Mali Parties Reject Junta’s Call for Convention

Posted April 4th, 2012 at 10:40 pm (UTC-5)
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Mali's main political parties have rejected a call by military junta leaders for a “national convention” to sort out the country's political and security problems.

The FDR coalition of 50 political parties and civil society groups released a statement Wednesday, saying such a convention is not compatible with a return to constitutional order.

Junta leader Captain Amadou Sanogo had said the proposed meeting of political and civil society representatives could forge a consensus on how to deal with Mali's challenges.

“The conclusion of this convention should be accepted by everyone, in order to put a stop to internal political considerations and deal with the major challenge rapidly, meaning the challenge of the security situation in the north and the integrity of our national territory.”

Meanwhile, the junta Wednesday accused rebels of committing “grave rights violations” in the town of Gao. The town is one of several in the north that have fallen to Tuareg rebels and Islamist fighters in recent days.

The junta said women and girls in Gao have been kidnapped and raped.

Soldiers seized power from President Amadou Toumani Toure on March 22, accusing him of failing to equip the army to fight the rebels. The international community has called for coup leaders to return the country to civilian rule.

Cheick Traore, the leader of the African Convergence for Renewal party in Mali, told VOA he wants to see the Economic Community of West African States (ECOWAS) help foster dialogue between civilians and the military to find a “true solution” to the crisis.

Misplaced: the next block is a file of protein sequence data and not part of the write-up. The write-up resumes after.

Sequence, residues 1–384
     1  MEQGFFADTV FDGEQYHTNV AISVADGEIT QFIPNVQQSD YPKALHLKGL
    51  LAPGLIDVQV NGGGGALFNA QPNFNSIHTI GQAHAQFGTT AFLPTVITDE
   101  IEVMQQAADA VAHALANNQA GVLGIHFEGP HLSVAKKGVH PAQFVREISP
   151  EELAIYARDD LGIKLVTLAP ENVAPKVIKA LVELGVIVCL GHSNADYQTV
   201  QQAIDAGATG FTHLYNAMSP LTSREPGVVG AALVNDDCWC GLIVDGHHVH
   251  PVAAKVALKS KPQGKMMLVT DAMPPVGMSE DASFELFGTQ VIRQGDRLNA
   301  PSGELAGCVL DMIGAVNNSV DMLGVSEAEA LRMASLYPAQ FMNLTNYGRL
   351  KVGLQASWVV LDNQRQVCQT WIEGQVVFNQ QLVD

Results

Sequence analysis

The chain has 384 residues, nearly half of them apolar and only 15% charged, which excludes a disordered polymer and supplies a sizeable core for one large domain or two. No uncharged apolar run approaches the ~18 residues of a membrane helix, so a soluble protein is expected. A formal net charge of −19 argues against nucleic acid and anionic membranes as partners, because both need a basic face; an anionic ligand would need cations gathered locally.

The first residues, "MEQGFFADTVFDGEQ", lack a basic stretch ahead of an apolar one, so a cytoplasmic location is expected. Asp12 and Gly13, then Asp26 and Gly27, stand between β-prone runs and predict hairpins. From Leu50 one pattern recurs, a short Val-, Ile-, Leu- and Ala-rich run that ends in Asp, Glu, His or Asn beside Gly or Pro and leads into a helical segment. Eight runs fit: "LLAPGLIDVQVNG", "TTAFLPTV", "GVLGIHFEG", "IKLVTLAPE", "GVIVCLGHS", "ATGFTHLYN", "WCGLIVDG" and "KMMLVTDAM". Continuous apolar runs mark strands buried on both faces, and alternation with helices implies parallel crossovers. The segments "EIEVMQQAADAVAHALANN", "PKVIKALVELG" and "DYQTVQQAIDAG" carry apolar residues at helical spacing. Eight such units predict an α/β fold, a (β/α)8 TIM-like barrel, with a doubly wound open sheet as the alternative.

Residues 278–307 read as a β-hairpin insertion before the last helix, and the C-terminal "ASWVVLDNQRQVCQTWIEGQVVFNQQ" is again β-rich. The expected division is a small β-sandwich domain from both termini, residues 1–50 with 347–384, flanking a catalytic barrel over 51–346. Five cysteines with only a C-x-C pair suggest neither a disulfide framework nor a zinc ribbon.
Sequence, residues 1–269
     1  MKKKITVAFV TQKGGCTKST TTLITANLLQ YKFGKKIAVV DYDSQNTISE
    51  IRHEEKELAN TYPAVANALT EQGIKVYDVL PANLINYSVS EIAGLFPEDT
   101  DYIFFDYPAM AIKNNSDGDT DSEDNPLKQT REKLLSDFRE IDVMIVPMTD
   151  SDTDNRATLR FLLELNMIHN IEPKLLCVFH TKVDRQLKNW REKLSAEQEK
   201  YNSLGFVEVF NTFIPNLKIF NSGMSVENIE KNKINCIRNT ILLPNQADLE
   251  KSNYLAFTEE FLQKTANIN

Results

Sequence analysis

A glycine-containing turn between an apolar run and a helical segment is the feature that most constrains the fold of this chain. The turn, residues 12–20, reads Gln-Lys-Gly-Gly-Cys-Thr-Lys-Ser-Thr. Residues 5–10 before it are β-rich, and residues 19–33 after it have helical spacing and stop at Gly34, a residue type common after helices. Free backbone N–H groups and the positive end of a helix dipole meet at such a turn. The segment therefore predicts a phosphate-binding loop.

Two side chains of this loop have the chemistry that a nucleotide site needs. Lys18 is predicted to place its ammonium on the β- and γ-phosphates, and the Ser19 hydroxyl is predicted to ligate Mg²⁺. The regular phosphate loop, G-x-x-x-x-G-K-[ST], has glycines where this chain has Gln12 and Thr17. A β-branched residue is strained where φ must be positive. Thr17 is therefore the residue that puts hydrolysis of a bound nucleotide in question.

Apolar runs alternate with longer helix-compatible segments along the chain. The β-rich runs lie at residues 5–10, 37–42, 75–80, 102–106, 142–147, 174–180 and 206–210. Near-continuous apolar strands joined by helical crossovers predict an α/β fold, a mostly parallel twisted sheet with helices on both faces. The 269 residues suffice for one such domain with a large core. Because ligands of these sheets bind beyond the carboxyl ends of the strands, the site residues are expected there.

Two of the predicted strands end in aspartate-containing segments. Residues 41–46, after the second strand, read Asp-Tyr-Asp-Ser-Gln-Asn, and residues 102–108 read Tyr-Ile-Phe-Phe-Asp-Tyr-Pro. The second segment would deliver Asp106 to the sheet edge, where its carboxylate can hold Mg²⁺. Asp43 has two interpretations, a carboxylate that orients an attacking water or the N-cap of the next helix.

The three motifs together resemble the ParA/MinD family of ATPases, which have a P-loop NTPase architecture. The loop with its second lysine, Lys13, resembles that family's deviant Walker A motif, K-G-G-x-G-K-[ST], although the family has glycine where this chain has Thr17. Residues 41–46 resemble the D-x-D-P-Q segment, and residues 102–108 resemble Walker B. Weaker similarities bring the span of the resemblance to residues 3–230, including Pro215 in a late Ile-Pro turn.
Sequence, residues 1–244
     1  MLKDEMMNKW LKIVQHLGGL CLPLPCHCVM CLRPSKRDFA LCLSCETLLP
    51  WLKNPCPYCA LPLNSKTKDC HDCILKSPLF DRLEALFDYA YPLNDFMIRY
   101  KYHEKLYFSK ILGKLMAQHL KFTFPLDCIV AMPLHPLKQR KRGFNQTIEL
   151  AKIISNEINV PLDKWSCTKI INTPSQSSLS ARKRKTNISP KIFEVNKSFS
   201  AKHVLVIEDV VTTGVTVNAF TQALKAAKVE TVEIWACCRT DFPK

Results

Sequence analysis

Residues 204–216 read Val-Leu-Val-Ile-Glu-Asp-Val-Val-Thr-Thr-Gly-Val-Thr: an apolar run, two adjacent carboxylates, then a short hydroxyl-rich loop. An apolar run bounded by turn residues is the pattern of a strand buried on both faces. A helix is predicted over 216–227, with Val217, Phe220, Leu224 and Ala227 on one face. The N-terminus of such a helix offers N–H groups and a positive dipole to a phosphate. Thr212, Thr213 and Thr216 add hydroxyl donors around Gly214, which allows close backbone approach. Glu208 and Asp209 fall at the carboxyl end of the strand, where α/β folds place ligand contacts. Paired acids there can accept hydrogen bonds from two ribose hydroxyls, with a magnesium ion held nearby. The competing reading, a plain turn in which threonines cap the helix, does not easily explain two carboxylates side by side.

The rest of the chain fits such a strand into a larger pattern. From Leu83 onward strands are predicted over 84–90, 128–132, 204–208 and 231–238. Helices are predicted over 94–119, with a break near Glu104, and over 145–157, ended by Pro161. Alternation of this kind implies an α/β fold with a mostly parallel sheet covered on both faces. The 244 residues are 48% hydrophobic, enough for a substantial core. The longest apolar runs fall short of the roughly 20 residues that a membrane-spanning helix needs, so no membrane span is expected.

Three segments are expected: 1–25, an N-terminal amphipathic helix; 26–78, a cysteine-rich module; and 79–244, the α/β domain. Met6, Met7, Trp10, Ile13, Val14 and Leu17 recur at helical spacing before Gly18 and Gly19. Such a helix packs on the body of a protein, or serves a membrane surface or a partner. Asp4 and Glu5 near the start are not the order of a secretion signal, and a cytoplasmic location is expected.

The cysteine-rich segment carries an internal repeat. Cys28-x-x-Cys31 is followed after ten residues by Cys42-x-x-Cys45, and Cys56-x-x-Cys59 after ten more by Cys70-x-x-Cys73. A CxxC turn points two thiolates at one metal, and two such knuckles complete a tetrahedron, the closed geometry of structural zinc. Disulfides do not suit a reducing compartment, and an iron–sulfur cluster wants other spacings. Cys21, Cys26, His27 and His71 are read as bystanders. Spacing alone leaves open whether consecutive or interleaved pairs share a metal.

He criticized the West African bloc for sanctions it imposed on Mali Monday, saying they will not hurt the coup leaders. Those measures include include closing all borders between Mali and members states, and cutting off currency flow to the country.

“What do they have? These are young officers. Some of them do not even have a bank account. So you put the sanctions on them. It's Malians who will be suffering, not them. And second, it's not by doing that that they will relinquish power. They did the coup d'etat based on what was happening in our society.”

Traore said he did not support the coup, but that the government cannot send soldiers to fight “without giving them the equipment to fight.” He was one of the candidates running in a presidential election originally scheduled for later this month until the coup derailed the vote.

The African Union has also imposed sanctions against the coup leader and allies the bloc says are helping prevent the return of constitutional order.

Tuareg rebels launched an offensive on Friday and rapidly seized three key cities that were still under army control.

An Islamist militant group called Ansar Dine has also entered some areas and started imposing Sharia, or Islamic law. Ansar Dine has been linked to the al-Qaida branch in northern Africa known as al-Qaida in the Islamic Maghreb, or AQIM.

The heavily armed rebels arrived in northern Mali after the fall of neighboring Libya and launched an insurgency in mid-January. Tuareg separatists have been seeking autonomy for decades.

On Tuesday, the United Nations said at least 200,000 people have fled the unrest in northern Mali, roughly half of them seeking refuge in neighboring Burkina Faso and Mauritania.